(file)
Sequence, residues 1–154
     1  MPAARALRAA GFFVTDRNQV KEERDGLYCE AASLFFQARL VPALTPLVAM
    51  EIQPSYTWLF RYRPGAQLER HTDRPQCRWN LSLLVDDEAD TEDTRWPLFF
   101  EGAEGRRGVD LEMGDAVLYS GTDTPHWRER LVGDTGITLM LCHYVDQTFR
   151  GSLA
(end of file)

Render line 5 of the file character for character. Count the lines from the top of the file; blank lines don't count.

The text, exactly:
   151  GSLA